Why I refuse to dance

2009-11-05 00:00

WHEN we were young, every December holidays our parents would send us to our grandparents’ place, at a farm in the Dargle, about 25 kilometres from Howick. Mr Kohly’s farm was very beautiful and for us children from the township, chasing calves, climbing trees and killing birds made for a very entertaining experience.

My sister and I would look forward to these holidays where we would meet with our cousins who were also sent by our aunts and uncles for holidays at kaGogo (Grandmother’s place), as we would call the farm. It didn’t matter to us that my grandfather was only a farm worker there and the farm didn’t belong to him. We were proud that he was a foreman managing Mr Kohly’s farm.

Of all the days spent at kaGogo, it was Christmas that we most looked forward to. Christmas was very different there to what it was like at KwaMashu where we lived, or Hammarsdale or Mpophomeni where my other cousins lived. Even though there were not many households on the farm, we visited all of them during Christmas, all six of them, and ate like famine was around the corner.

And of course, what could be more exciting for a 10-year-old boy than dressing up in new Christmas clothes and playing with your new toys? I personally enjoyed toy guns rather than cars, trains or helicopters (I’m not sure if that was ominous). The Christmas ritual was that we would start eating at Gogo’s place, and from there, we would visit all the other households with our cousins and other children from the farm.

After that, we were required to go to Mr Kohly’s household, not for food this time, but to perform Indlamu (Zulu dance) for the Kohly family and their guests. This is the part I hated and dreaded the most. It didn’t help that I was from the city and had not been exposed to the art of ukusina — as a Zulu child I was expected to know how to dance Zulu-warrior style. Abelungu (white people), as we called them, would sit, holding many plastic bags of sweets and watch us do our thing.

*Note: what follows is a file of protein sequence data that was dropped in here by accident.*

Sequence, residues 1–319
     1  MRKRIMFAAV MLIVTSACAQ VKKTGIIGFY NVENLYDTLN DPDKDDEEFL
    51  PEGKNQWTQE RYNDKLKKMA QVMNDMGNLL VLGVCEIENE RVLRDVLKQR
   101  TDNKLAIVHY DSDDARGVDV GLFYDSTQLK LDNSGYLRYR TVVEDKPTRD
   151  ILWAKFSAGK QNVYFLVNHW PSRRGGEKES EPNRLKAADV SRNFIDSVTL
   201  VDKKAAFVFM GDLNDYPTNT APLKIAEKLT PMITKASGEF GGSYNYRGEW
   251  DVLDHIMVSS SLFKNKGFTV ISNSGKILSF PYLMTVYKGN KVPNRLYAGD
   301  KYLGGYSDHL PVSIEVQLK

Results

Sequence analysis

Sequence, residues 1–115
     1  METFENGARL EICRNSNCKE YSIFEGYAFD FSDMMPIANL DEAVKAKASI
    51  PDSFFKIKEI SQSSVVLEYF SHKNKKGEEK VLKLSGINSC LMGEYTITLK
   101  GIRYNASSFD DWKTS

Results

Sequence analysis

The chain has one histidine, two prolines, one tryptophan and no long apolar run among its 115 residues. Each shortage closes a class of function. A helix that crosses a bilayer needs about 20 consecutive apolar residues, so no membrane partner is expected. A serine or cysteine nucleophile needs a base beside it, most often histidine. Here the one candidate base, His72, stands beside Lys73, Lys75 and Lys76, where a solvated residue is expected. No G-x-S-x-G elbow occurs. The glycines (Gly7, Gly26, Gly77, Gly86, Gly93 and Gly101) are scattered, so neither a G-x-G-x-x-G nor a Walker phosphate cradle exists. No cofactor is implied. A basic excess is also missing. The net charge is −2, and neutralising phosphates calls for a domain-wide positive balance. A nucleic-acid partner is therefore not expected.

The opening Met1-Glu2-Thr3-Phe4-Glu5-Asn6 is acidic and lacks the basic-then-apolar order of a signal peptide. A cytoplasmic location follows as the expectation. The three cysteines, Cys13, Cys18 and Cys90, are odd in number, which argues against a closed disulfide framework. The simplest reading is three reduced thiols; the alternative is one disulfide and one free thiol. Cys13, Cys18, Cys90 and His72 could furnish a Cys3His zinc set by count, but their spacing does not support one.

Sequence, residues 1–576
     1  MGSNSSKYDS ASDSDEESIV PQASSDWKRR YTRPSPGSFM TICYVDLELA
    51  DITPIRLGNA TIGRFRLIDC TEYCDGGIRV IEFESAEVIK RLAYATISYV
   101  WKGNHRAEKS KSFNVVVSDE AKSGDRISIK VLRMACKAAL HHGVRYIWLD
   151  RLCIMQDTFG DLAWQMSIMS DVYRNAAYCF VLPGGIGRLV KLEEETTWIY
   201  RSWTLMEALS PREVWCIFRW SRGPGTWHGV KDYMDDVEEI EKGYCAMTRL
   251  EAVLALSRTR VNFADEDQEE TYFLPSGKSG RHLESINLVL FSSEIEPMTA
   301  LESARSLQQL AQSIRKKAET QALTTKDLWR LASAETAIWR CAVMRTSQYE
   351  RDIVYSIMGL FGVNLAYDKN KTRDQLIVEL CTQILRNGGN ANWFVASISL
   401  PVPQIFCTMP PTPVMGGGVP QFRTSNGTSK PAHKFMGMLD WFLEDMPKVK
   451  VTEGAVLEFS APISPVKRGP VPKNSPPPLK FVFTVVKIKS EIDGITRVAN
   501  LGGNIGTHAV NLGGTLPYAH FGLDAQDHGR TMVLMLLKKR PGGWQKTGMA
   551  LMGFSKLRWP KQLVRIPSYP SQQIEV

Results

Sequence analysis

My parents, because I asked them of course, were fond of buying me three-piece suits for Christmas (it was the waistcoat that really fascinated me). Now imagine me, with a three-piece suit, performing Indlamu, which I did not know how to do. No wonder abelungu would laugh their lungs out. It must have been very entertaining for them, especially after a few shots of brandy. For me this was the lowlight of the day.

Needless to say, I would be very tired from walking about 10 kilometres from one house to another wearing my three-piece suit and tight-fitting new John Drake shoes, eating in each and every house we went to, and then dancing the afternoon away for my grandfather’s employers.

I don’t think the Kohlys meant any malice by having us entertain them. It was part of a farm Christmas ritual. Besides, we didn’t show that we didn’t like it (and our grandparents would have eaten us alive if we had sulked in front of white people). Since then, however, I get very annoyed when I see Africans performing traditional dances for white people or foreign guests. When I saw Ghanaians dancing for Barack Obama at the airport and others dancing for Hillary Clinton during her African visit, I said to myself, there we go dancing again. Maybe there is nothing wrong with it. Maybe it is just me carrying the baggage of the past and being sceptical of the motives of other people.

I can’t wait to see the day President Jacob Zuma goes to America and has Americans serenading him as soon as he lands at John F. Kennedy Airport, since they are renowned the world over for being excellent musicians. That would be a pretty good sight, don’t you think? Better still, think of the president going to Brazil and having the Brazilians showing off their fine soccer skills at the airport, just to have our Msholozi entertained. Knowing our president, he would laugh for the duration of his stay in Sao Paulo.

As for me, now that both my dear grandparents have departed, and I can sulk as much as I want, I refuse to perform Indlamu or Pantsula for anyone. At least not until the Russians show me how to dismantle an Alexandra Kalash­nikov 1947 (AK 47 to you) on my arrival at Moscow Airport.

• Sihle Mlotshwa is an independent social commentator.

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